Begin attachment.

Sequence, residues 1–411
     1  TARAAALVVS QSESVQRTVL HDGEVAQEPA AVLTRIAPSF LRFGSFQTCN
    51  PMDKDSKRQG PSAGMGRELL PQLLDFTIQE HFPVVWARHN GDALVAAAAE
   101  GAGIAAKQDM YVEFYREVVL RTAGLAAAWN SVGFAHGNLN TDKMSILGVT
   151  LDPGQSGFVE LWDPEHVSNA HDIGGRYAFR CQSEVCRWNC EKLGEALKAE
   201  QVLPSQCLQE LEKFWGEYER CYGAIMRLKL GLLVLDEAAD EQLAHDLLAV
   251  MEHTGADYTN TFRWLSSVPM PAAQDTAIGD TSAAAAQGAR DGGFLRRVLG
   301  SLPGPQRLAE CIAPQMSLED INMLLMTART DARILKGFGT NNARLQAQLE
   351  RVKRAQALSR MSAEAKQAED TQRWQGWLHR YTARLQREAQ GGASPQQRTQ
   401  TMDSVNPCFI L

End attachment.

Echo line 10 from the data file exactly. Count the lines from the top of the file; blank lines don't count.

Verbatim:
   401  TMDSVNPCFI L